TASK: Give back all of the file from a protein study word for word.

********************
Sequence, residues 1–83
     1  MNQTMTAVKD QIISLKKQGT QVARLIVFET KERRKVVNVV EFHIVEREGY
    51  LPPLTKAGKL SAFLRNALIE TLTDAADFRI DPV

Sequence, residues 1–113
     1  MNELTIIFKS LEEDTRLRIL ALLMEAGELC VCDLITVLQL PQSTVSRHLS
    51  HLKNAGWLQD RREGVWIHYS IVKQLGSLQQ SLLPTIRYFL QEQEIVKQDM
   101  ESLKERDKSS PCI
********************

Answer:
Sequence, residues 1–83
     1  MNQTMTAVKD QIISLKKQGT QVARLIVFET KERRKVVNVV EFHIVEREGY
    51  LPPLTKAGKL SAFLRNALIE TLTDAADFRI DPV

Sequence, residues 1–113
     1  MNELTIIFKS LEEDTRLRIL ALLMEAGELC VCDLITVLQL PQSTVSRHLS
    51  HLKNAGWLQD RREGVWIHYS IVKQLGSLQQ SLLPTIRYFL QEQEIVKQDM
   101  ESLKERDKSS PCI